At Oakland, Calif., Sebastian
Janikowski kicked five field goals and
Darren McFadden rushed for 110 yards.
The Raiders (4-10) overwhelmed
the Chiefs (2-12) to snap a 6-game
losing streak.
NFL CAPSULES
Roundup
(Continued from Page 6)
Placers
Round Robin
106: 1. Lucas (SH); 2. Blaine
Hunter (E); 3. Dues (A); 4. Stahl
(BA); 5. Moore
(LS).
113: 1. Moore
(LS); 2. Kehres
(SH); 3. Ashley
King (SV).
126: 1.
Plaugher (SH); 2.
Derrick Smith (SV);
3. Russel (LS); 4.
Luke (BL); 5. Garrett Bell (E).
Two Pools
120: 1. Tyler Baker (A), 3:08;
2. Holbrook (LS); 3. Henon (SH),
0:59; 4. Freeman (BL); 5. Evan
Mohler (SJ), 1:45; 6. Dakota Rolfe
(E); 7. Blake Kimmet (DJ), bye.
132: 1. Nick Pauff (E) md 14-4;
2. Jared Davis (BA); 3. Kuhlman
(SH), 0:30; 4. Trevor
Bockey (SV); 5.
Hahn (LC), 4:51; 6.
Dylan Hicks (DJ); 7.
Askins (SH), 0:07;
8. Wilcutt (LS).
138: 1. Cory
Binkley (SV) md 15-7; 2. Arthur
(SH); 3. Eley (LC), 2:21; 4. Alex
Haunhorst (SJ); 5. Proby (LS)
12-10; 6. Stonehill (BA); 7. Christain
McCarthy (E), 2:29; 8. Robby King
(SV).
145: 1. Brandon McCormick
(LC) md 14-4; 2. Garrett (BA); 3.
Austin Martin (SJ) md 17-9; 4. Cole
Bellows (SV); 5. Kohlhorst (SH)
3-2; 6. Garmatter (BL); 7. Eisele
(LC), 3:55; 8. Knuckles (LS).
152: 1. Wes Buettner (SJ), 3:13;
2. Lowe (BA); 3. Tremoulis (LC),
1:34; 4. Chris Truesdale (DJ); 5.
Cox (SH), 1:40; 6. Emerick (A); 7.
Zach Brown (SV), forfeit; 8. Brown
(LS).
160: 1. Wilson (BL) tf 21-6; 2.
Wise (BA); 3. Aaron Deffenbaugh
(SJ), 1:24; 4. R. King (A); 5. Williams
(LS), 0:54; 6. Kyle Sawmiller (SV);
7. Flynn (SH) 7-5; 8. Issac Nichols
(E).
170: 1. Hefner (SH) 5-2; 2.
McAdoo (A); 3. Will Buettner (SJ),
2:52; 4. Wick (LS); 5. Garcia (LC),
1:24; 6. Ebbeskotte (BA); 7. Bracy
(BL), 0:25; 8. Lane Bennett (DJ).
182: 1. Tyler Smith (E) 16-11;
2. Sunderhaus (LC); 3. Criblez
(A) 3-1; 4. Conley (BL); 5. Luke
Wrasman (SJ), 4:43; 6. Tyler Foust
(DJ); 7. Collin Poling (E), 1:28; 8.
Fike (LS).
195: 1. Colin McConnahea
(DJ), 3:15; 2. Huffman (LC); 3.
Nickoli Sackinger (E) md 12-3; 4.
LaMarr (BA); 5. Lucas Shumate
(SV), 2:46; 6. Cox (A); 7. Evan
Barnett (SV), 1:29;
8. Alec Lindeman
(DJ).
220: 1. Quinten
Wessell (DJ), 1:52;
2. Tyler Dues
(SV); 3. Lhamon
(BA), 2:28; 4. Jacob Yahl (SV); 5.
Lucas Krouskop (SV) md 15-7; 6.
Allison (SH); 7. Wise (SH) 7-4; 8.
Sampson (BL).
285: 1. Geoff Ketcham (DJ),
4:28; 2. Nate Schroeder (SJ); 3.
Neal (BA), 1:46; 4. Jake Bellows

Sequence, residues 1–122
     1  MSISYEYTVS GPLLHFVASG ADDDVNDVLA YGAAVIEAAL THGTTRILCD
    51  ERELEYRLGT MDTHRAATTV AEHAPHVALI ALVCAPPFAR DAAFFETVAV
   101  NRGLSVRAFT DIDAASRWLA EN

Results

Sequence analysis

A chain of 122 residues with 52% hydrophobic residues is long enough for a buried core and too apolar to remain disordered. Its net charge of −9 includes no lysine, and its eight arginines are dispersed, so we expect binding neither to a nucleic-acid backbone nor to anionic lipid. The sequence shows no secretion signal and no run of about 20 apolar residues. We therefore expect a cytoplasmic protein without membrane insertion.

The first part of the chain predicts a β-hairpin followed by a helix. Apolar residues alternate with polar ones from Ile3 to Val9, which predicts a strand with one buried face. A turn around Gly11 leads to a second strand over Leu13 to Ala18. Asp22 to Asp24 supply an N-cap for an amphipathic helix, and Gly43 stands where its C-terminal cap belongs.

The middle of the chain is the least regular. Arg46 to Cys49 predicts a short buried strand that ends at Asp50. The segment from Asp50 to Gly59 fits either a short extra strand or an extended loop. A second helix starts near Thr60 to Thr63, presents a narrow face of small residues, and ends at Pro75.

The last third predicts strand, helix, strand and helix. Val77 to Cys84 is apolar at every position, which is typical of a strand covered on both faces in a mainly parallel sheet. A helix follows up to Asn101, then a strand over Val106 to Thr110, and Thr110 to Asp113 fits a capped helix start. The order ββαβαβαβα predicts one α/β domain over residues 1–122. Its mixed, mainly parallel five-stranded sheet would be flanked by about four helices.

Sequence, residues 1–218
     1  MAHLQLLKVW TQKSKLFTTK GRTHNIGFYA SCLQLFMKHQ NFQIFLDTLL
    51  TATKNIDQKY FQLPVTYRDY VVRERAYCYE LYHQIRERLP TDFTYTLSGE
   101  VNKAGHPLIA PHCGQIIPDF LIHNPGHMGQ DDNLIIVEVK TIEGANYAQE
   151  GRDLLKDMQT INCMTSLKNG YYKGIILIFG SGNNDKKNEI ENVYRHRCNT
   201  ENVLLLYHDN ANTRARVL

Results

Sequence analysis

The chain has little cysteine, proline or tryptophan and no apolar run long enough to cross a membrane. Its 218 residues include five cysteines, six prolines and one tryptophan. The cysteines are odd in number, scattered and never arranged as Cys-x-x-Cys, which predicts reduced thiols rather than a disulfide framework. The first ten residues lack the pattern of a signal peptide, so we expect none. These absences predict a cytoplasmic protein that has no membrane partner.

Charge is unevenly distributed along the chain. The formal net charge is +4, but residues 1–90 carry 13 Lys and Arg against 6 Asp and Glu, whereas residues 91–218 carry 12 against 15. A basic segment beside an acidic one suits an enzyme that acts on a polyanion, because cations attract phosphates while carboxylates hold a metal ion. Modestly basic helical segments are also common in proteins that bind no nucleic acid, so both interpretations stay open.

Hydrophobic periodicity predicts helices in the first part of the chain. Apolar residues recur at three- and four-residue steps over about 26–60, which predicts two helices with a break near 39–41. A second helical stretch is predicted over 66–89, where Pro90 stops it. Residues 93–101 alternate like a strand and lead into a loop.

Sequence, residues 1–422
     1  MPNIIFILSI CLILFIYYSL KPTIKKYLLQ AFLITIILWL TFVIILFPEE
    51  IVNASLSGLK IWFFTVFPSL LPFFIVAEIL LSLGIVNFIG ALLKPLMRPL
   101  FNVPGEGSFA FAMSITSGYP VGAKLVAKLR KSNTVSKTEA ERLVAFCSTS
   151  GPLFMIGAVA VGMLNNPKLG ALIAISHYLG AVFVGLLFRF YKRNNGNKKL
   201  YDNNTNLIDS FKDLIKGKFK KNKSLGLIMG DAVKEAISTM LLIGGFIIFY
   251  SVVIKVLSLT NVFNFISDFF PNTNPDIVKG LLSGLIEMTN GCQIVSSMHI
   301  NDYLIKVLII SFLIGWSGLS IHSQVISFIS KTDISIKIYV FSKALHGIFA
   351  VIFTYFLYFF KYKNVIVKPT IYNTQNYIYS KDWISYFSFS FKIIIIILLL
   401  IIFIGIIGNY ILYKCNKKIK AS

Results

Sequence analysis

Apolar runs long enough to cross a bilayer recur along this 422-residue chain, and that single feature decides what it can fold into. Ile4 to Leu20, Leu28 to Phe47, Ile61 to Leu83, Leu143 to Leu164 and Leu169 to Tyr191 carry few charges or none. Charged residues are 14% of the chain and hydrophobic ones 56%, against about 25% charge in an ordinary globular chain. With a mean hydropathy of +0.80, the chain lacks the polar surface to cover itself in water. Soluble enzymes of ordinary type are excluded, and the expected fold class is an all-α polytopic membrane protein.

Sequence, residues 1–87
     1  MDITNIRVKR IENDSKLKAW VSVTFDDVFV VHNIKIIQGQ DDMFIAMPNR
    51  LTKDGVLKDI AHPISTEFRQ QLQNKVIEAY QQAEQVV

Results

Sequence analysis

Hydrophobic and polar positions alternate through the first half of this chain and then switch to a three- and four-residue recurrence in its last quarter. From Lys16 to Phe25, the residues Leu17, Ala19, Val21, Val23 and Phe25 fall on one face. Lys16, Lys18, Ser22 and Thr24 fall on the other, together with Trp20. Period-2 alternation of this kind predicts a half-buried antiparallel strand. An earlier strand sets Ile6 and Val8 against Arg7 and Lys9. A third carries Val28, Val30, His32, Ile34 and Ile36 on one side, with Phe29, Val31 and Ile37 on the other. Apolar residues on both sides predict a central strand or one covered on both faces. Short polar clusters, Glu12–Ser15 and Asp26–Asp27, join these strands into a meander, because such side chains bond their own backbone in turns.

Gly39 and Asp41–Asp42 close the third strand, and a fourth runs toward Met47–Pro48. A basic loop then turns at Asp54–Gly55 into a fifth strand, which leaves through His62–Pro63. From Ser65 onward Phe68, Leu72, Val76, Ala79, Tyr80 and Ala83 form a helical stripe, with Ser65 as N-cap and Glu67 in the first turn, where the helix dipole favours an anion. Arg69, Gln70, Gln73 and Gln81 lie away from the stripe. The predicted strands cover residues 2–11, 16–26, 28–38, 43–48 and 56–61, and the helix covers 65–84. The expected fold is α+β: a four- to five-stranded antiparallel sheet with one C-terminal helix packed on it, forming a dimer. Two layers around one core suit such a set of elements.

(SV); 5. Hughes (SH), default; 6.
Howell (SH); 7. McKinley (LC),
bye.
Local wrestlers records
Five Rounds - Two Pools
120: Evan Mohler (SJ) 2-2;
Dakota Rolfe (E) 2-2; Blake Kimmet
(DJ) 1-3.
132: Nick Pauff (E) 4-0; Trevor
Bockey (SV) 3-1; Dylan Hicks (DJ)
2-2; Alexyss LeGrande (SV) 0-4.
138: Cory Binkley (SV) 4-0;
Alex Haunhorst (SJ) 3-1; Christain
McCarthy (E) 2-2; Robby King (SV)
1-3.
145: Austin Martin (SJ) 3-1;
Cole Bellows (SV) 3-1.
152: Wes Buettner (SJ) 4-0;
Chris Truesdale (DJ) 2-2; Zach
Brown (SV) 1-3; Micah Hartman
(E) 0-4.
160: Aaron Deffenbaugh (SJ)
3-1; Kyle Sawmiller (SV) 2-2; Issac
Nichols (E) 1-3; Noah Illig (DJ)
0-4.
170: Will Buettner (SJ) 3-1;
Lane Bennett (DJ) 1-3; Reid
Corzine (DJ) 0-4.
182: Tyler Smith (E) 4-0; Luke
Wrasman (SJ) 2-2; Tyler Foust
(DJ) 2-2; Collin Poling (E) 1-3.
195: Colin McConnahea (DJ)
4-0; Nickoli Sackinger (E) 3-1;
Lucas Shumate (SV) 2-2; Alec
Lindeman (DJ) 1-3; Evan Barnett
(SV) 1-3; Bryan Holliway (SV) 0-4.
220: Quinten Wessell (DJ) 4-0;
Jacob Yahl (SV) 3-1; Tyler Dues
(SV) 3-1; Lucas Krouskop (SV)
2-2; Dustin McConnahea (DJ) 0-4;
Jordan Rothermal (E) 0-4.
285: Geoff Ketcham (DJ) 4-0;
Nate Schroeder (SJ) 4-0; Jake
Bellows (SV) 3-1.
Five Rounds - Round Robin
106: Blaine Hunter (E) 4-1.
113: Ashley King (SV) 3-2.
126: Derrick Smith (SV) 4-1;
Garrett Bell (E) 1-4.
-------
LadyCats dominate
2nd half versus
Musketeers in PCL
FORT JENNINGS —
Whatever Kalida head coach
Adam Huber and his staff
told his LadyCats during
halftime Saturday afternoon
at The Fort
worked.
They domi-
nated the sec-
ond half 28-8
— includ-
ing an 11-1 spread in the
third period — and rolled
up a 50-27 Putnam County
League triumph over home-
standing Fort Jennings at The
Fort.
The LadyCats (5-1, 1-0
PCL) received 15 markers
from Jackie Gardner and
seven each from Nicole
Recker and Amy
Smith.
The Lady
Musketeers (3-4,
0-2 PCL) were
led by the nine
markers of Macy Schroeder
and eight from Gabbi
German.
The Lady Musketeers
host Crestview tonight, while
Kalida entertains Columbus
Grove Tuesday.
Score by Quarters:
Kalida 12 10 11 17 - 50
Ft. Jennings 13 6 1 7 - 27
KALIDA (50)
Jackie Gardner 6-1-0-15, Nicole
Recker 1-0-5-7, Summer Holtkamp
2-0-0-4, Nicole Reindel 0-0-0-
0, Kiersten Recker 0-0-0-0, Kylie
Siebeneck 1-0-0-2, Amy Smith 1-0-
5-7, Elizabeth Turnwald 2-0-0-4,
Kristi Honigfort 1-1-0-5, Kennedy
Hoffman 0-0-0-0, Makenna Vorst
0-0-0-0, Kylie Osterhage 0-1-3-6.
Totals 14/27-3/7-13/22-50.
FORT JENNINGS (27)
Macy Schroeder 1-2-1-9, Gabbi
German 3-0-2-8, Cassie Lindeman
2-0-0-4, Hannah Clay 2-0-0-4, Emily
Kehres 1-0-0-2, Erin Osting 0-0-
0-0, Ashley Gable 0-0-0-0, Alyssa
Schimmoeller 0-0-0-0. Totals 9/36-
2/12-3/9-27.
Rebounds: Kalida 34/12 offen-
sive, Fort Jennings, 18/14 offen-
sive.
Turnovers: Kalida 27, Fort
Jennings 24.
JV SCORE: Kalida, 37-23.
The Associated Press
PHILADELPHIA —
Kobe Bryant scored 34
points, Metta World Peace
added 19 points and a career-
high 16 rebounds and the Los
Angeles Lakers won con-
secutive games for the first
time in nearly a month with
a 111-98 victory over
the Philadelphia 76ers
on Sunday.
Dwight Howard
had 17 points and
11 rebounds for the
Lakers, who led 60-50
at halftime. Darius
Morris had a career-
high 15 points, all in
the first half, and Chris
Duhon scored 14.
The Lakers (11-14),
who beat Washington